To be fair, I don't think this is being done to be deceptive with intent. But to prevent that perception, at the very least, it would be a very gracious move to include something on the front or even back label that gives credit to the Carneiro family who were the final owners of what we knew as Wiese & Krohn.

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Re: Taylor Single Harvest Tawny 1964

Post by DRT » 23:51 Tue 05 Nov 2013

Thanks for the facts, Roy, which are always good to have in any debate.

I really do think this is a bad decision from TFP. My working life involves acquisitions so I am not unfamiliar with the concept of re-branding. But re-branding needs to add value, not take a step backwards. W&K have the upper hand in the Colheita market when compared with most other houses, especially Taylor as they have never produced one. It makes no sense to throw away a fantastic brand and replace it with one that has no market position. "The Fadgate Partnership's Krohn Colhieta 1964" would be a much more honest and powerful brand for this product, IMHO.
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Re: Taylor Single Harvest Tawny 1964

Post by LGTrotter » 23:55 Tue 05 Nov 2013

Roy thanks for the information. I may be being a little slow but I take it this moving up of the prices of existing W+K wines(softening up for the presumably larger hikes that occur when Taylor appears on the label) will occur across all the distributors for TFP and not just the US/scandinavia?
Roy Hersh wrote:To be fair, I don't think this is being done to be deceptive with intent.
As opposed to just being deceptive, which still doesn't sound great, actually it sounds kind of worse. Also I am not sure who you are thinking benefits from Arbitrage on this occasion? And I am intrigued by your comment that TFP are trying to remake their image; do you mean soley in the Colheita market? from the picture it looked like they are continuing on the wood-aged line, but I may be misunderstanding.

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Re: Taylor Single Harvest Tawny 1964

Post by DRT » 00:03 Wed 06 Nov 2013

LGTrotter wrote:I am intrigued by your comment that TFP are trying to remake their image; do you mean soley in the Colheita market?
Roll forward 30 years: "what's the oldest Taylor Colheita you have tasted?" - "1964" - "Ah. A rich history of Colheita production spanning nearly eight decades". :?
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Re: Taylor Single Harvest Tawny 1964

Post by Roy Hersh » 00:32 Wed 06 Nov 2013

LGTrotter wrote:
Roy thanks for the information. I may be being a little slow but I take it this moving up of the prices of existing W+K wines(softening up for the presumably larger hikes that occur when Taylor appears on the label) will occur across all the distributors for TFP and not just the US/scandinavia?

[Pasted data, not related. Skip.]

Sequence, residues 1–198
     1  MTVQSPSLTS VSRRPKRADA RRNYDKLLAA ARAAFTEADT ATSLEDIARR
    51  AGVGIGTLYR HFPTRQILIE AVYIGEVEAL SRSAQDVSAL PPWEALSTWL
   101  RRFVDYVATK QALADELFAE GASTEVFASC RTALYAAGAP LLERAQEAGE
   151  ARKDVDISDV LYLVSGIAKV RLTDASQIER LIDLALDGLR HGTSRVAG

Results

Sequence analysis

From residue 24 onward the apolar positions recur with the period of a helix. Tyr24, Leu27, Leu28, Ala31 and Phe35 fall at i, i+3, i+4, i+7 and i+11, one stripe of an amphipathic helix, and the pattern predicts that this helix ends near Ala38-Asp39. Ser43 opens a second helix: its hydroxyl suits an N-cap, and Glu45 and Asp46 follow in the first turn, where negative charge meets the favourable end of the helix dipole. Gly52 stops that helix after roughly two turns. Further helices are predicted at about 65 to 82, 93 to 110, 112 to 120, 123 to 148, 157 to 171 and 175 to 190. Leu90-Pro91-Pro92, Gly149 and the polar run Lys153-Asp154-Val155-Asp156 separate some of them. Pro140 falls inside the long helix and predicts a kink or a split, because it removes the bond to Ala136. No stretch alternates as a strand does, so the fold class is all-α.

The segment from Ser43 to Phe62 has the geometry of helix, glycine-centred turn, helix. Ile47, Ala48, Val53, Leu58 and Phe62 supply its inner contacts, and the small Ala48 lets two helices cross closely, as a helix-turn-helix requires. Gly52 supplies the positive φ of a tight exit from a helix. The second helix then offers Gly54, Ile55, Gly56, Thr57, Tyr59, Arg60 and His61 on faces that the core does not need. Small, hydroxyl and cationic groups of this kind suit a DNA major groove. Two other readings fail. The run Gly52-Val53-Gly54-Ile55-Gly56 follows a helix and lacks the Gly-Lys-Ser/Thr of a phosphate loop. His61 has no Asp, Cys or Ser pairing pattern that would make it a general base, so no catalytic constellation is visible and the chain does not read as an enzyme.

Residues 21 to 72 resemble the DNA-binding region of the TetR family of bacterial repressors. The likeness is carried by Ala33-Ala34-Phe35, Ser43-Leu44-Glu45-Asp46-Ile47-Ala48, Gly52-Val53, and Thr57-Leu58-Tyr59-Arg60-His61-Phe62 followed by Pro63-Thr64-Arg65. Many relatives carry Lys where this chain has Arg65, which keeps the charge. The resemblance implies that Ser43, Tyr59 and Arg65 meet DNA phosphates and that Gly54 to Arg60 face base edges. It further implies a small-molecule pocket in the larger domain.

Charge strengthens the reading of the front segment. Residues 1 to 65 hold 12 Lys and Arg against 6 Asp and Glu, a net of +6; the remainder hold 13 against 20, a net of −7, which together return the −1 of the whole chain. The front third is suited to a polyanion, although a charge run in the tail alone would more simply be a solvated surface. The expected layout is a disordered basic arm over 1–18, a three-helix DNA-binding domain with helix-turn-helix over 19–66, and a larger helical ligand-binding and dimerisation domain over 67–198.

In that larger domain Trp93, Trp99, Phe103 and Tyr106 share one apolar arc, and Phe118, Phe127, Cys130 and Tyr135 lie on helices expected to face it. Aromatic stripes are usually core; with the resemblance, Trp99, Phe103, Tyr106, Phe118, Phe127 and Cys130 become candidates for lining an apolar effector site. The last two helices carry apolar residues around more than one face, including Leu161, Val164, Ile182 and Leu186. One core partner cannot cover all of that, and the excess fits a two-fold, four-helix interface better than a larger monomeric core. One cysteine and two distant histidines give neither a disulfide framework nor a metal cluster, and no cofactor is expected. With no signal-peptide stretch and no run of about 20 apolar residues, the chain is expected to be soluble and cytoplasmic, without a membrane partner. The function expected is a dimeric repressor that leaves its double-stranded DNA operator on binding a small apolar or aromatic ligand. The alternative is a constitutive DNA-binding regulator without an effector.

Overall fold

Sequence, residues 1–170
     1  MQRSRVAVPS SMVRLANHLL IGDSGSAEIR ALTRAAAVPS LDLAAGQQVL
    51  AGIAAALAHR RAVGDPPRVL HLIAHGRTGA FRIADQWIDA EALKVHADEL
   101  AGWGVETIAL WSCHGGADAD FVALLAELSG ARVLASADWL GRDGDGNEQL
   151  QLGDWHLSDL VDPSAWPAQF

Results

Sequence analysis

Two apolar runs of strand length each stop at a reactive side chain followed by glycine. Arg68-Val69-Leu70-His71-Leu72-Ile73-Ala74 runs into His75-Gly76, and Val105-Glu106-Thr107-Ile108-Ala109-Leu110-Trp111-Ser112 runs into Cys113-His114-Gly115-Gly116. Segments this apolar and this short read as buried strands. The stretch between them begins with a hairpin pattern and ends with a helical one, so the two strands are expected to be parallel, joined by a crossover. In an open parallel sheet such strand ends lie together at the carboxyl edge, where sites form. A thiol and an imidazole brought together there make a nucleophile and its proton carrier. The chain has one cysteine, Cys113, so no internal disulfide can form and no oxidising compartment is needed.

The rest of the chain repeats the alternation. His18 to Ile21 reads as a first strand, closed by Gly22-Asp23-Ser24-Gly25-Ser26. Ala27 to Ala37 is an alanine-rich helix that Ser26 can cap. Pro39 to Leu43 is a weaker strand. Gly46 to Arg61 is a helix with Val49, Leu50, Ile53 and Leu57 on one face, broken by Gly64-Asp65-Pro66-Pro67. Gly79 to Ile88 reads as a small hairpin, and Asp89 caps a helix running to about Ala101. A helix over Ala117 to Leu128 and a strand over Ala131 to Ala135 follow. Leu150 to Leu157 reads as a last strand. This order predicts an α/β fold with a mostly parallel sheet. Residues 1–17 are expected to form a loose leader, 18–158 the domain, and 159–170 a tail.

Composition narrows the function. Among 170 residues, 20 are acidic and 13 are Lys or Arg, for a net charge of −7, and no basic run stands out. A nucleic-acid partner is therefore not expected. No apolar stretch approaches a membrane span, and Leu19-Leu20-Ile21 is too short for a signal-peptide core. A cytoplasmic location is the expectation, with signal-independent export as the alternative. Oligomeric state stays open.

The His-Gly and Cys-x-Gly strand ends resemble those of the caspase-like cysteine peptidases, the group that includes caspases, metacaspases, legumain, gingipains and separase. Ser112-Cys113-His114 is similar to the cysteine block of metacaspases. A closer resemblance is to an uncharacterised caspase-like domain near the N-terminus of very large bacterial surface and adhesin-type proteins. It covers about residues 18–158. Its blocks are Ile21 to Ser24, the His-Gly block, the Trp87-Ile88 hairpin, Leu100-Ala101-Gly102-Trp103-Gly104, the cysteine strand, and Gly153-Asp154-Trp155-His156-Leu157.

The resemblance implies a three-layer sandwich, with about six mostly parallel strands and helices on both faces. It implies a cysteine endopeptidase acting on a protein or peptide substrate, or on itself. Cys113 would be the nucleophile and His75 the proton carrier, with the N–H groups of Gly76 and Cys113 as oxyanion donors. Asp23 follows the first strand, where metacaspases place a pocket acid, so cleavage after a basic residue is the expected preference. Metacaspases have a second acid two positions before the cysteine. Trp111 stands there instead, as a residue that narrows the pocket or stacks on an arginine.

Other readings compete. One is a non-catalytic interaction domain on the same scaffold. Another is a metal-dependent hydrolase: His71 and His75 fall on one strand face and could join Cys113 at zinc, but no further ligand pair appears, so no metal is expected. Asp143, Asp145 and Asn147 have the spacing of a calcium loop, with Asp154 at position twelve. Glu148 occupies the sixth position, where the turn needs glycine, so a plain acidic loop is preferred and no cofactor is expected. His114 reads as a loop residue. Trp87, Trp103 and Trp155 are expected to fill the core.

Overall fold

Correct, this will be in ALL markets. So my advice is to buy as soon as possible if you are looking to re-up your personal stocks of any W&K product. Price increases have already been put in place in Gaia, but they were minimal increases, as of last month.
As opposed to just being deceptive, which still doesn't sound great, actually it sounds kind of worse. Also I am not sure who you are thinking benefits from Arbitrage on this occasion? And I am intrigued by your comment that TFP are trying to remake their image; do you mean soley in the Colheita market? from the picture it looked like they are continuing on the wood-aged line, but I may be misunderstanding.
Maybe I phrased that wrong, because I do not believe TFP is trying to be deceptive, they are trying to re-brand and create a new line that has been all the rage. They see their chief competitor, SFE rolling out 1952, 1969, 1982 Single Harvest Reserves and also many others in recent years like Vallado's Adelaide "Tributa", a small run of W&K old Colheitas, Wine & Soul's 5G and their very own Scion to name just a few. I have been asked not to specifically mention several others that are known to be in the approval stages, but this is not going to be a fading trend any time soon. These "limited release" bottlings bring in the big bucks and neutralize some of the cash-neutral sales of things like LBV's in markets like the UK and even lower tier Ports in USA and elsewhere. Special Categories is the focus of the smart ... successful Port producers. It is where the vast majority of a Port company's profit is derived, unless we are talking huge bulk producers like Cruz or Rozes as examples.

The buyer benefited from the arbitrage. They wisely saw the end of an era, no family heirs to take over and were one of the first to approach the previous owners who were no longer willing or able to continue as is. The buyer had a ton to gain, including valuable real estate, very significant stocks with which to propel their own Tawny Ports with indication of age and create an entirely new market, Taylor Colheitas and Single Harvest Tawny Ports. This is a market in which they only played for a decade, during their relatively brief ownership of Delaforce. But, they learned quite a bit about those wines during those 10 years or so. I hope this clarifies my points for you.

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Re: Taylor Single Harvest Tawny 1964

Post by djewesbury » 00:35 Wed 06 Nov 2013